100 years of crosswords

It’s the hundredth anniversary of the publication of the first crossword – check out today’s Google Doodle.

On a related note, crosswords are possible in English (or other natural languages) because a large enough proportion of the possible strings of letters are actual words. I learned this from chapter 18 of Information Theory, Inference, and Learning Algorithms by David Mackay (which you can read online). (Chapter 19 is about why to have sex, from an information-theoretic point of view.)  And Dr. Fill is a crossword-solving program by Matthew Ginsberg which did not win the 2012 American Crossword Puzzle Tournament.

This made the rounds last week: Substantiating Fears of Grade Inflation, Dean Says Median Grade at Harvard College Is A-, Most Common Grade Is A, from the Harvard Crimson.

Now, I agree that an A-minus is probably too high here. (Although Jordan Ellenberg says we shouldn’t worry about grade inflation.)

But does it really matter that the most common grade is an A? Consider, say, a situation where there is a “triangular” distribution of grades: 5 A, 4 B, 3 C, 2 D, and 1 F. The most common grade is an A, but the median is a B (and the mean is 2.67 on a 4.0 scale, a B-minus). If there are more grade categories the same thing happens – if we have a triangular distribution of grades such as this,  the median grade 1/\sqrt{2} \approx 0.71 of the way up — about midway between a B-minus and a B on the 4.0 scale usual in the US. The mean grade would be 2/3 \approx 0.67 of the way up the scale.  More generally, say grades are in the interval [0, 1].  If grades are beta-distributed with parameters 1 and \beta > 1 (my triangular idea is just the Beta(1, 2) distribution) then the modal grade will be 1 but the mean and median will be a good bit lower, \beta/(\beta+1) and 2^(1/\beta) respectively.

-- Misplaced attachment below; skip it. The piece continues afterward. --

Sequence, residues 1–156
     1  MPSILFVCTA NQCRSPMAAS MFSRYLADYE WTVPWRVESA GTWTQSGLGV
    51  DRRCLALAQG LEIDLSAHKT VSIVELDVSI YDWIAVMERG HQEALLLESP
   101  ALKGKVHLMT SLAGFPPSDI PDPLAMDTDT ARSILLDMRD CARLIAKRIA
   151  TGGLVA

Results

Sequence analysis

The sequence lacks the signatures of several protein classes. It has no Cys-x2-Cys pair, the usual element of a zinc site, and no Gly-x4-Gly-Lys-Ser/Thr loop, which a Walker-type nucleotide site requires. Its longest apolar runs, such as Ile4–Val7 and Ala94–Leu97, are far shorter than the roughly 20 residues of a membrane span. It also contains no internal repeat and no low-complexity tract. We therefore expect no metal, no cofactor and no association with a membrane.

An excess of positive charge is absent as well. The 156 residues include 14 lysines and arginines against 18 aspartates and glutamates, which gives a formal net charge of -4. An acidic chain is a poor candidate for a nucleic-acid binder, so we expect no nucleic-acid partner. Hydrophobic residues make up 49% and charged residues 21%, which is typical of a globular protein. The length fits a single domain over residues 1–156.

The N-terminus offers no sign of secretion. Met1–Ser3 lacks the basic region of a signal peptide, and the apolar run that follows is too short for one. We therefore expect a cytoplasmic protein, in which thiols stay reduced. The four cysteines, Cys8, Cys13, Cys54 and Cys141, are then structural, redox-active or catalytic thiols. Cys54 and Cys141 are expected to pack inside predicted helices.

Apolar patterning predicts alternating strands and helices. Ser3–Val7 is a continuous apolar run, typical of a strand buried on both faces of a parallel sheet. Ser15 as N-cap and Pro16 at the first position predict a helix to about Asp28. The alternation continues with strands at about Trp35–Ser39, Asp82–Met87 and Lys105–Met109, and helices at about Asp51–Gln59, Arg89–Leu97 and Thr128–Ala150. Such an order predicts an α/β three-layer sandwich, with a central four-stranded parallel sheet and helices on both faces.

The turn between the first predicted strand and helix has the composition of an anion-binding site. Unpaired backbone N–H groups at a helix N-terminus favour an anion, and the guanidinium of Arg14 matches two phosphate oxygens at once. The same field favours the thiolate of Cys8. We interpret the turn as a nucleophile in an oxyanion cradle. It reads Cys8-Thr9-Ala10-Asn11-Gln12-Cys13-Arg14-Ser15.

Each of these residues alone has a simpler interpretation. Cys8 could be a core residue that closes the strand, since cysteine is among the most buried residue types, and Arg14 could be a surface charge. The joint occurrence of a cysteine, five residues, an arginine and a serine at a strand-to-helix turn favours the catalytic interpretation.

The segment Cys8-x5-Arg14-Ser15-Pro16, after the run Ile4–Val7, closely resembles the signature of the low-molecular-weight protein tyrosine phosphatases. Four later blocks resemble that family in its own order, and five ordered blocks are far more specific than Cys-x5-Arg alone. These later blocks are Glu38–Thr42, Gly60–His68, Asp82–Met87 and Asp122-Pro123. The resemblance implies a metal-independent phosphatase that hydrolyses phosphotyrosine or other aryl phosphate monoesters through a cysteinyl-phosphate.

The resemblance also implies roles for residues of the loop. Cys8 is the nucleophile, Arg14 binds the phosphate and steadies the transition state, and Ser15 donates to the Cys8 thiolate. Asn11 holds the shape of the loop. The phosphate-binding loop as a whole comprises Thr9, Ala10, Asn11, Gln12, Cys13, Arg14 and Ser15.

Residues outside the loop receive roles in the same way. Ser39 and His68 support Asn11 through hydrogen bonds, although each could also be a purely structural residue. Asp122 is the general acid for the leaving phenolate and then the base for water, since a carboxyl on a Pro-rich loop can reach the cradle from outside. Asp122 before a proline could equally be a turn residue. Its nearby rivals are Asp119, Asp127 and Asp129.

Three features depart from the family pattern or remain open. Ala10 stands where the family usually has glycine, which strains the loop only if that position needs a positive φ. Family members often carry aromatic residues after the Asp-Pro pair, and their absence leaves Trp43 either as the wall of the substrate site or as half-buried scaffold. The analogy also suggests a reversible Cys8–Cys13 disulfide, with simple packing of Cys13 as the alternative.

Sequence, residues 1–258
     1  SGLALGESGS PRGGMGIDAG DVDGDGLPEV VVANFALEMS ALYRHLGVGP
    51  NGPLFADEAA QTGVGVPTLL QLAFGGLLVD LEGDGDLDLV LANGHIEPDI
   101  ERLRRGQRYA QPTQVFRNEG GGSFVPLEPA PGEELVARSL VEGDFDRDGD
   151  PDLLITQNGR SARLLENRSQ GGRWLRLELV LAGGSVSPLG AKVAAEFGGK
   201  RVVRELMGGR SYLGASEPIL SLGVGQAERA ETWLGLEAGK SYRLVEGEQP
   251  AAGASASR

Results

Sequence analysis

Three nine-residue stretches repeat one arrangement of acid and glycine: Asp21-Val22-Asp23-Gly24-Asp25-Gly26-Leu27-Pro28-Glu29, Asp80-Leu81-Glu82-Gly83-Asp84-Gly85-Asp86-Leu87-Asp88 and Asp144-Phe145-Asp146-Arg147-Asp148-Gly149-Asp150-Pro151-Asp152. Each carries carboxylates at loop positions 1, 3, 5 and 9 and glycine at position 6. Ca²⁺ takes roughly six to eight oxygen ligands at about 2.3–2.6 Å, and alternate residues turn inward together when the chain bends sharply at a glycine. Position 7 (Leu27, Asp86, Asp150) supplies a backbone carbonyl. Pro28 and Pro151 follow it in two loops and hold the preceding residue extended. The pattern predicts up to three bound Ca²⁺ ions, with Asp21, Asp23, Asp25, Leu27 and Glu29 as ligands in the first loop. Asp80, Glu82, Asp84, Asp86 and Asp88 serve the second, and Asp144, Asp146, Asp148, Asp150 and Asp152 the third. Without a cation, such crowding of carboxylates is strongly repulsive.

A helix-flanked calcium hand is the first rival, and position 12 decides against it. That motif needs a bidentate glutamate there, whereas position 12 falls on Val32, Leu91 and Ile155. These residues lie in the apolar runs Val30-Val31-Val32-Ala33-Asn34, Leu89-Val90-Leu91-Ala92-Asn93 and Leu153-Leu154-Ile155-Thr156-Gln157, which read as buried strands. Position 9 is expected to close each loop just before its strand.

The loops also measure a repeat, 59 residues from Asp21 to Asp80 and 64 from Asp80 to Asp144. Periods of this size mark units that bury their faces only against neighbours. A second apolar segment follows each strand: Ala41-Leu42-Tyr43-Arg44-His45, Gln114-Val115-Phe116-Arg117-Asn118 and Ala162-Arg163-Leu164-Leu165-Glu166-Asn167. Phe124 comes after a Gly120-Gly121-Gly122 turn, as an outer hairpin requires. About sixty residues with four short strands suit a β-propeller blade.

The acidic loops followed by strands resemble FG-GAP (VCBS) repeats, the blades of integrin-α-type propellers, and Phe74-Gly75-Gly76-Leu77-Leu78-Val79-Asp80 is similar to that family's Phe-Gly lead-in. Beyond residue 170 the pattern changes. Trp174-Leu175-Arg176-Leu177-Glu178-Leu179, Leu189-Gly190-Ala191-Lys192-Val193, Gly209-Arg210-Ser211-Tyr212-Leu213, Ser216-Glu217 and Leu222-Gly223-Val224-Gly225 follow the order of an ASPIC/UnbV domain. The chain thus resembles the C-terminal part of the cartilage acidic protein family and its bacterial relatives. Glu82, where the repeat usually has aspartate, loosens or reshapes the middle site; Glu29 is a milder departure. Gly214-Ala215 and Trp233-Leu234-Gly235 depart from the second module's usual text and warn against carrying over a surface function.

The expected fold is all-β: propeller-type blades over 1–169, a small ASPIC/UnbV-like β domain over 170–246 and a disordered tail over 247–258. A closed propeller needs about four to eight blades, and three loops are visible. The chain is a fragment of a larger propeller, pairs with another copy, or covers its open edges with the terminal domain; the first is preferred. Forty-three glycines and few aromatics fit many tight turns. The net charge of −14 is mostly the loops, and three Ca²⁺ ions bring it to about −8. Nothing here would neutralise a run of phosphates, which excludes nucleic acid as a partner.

(I’m not claiming that grades are beta-distributed, but that’s not a bad model for something that’s often thought of as being roughly normally distributed but has to be contained within an interval.)

Basically, modes don’t tell you much.

State-to-state migration in the US

Here’s an interactive visualization showing state-by-state migrations within the US, by Chris Walker.

It’s not possible to reconstruct all migrations between states from this chart. The data are available in a spreadsheet that the American Community Survey (part of the Census Bureau) puts out.

In case you’re wondering, the (ordered) pair of states with the most movement is California to Texas. Tyler Cowen would have forecasted that, but it’s worth pointing out that this is hardly surprising as California and Texas are the states with the largest population. Relative to the population of the target state, Californians are most likely to move to Nevada, Washington, Arizona, and Oregon; Texans are most likely to move to Oklahoma, New Mexico, Louisiana, and Arkansas. For non-American readers, I just said “people are most likely to move to nearby states”, which is the sort of thing that it’s easy to lose track of in my position living in San Francisco and generally surrounded by transplants from far away.

If I could spare the time I’d try to visualize this – which pairs of states have greater flows between them than would be expected from their populations and the distance between them? The prototype here would probably be the flow from the northeastern states to Florida.